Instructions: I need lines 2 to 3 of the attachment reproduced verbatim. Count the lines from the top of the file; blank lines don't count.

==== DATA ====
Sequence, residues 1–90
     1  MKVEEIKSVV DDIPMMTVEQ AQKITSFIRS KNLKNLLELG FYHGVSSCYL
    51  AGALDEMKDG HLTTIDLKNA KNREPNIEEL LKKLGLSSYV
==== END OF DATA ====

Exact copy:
     1  MKVEEIKSVV DDIPMMTVEQ AQKITSFIRS KNLKNLLELG FYHGVSSCYL
    51  AGALDEMKDG HLTTIDLKNA KNREPNIEEL LKKLGLSSYV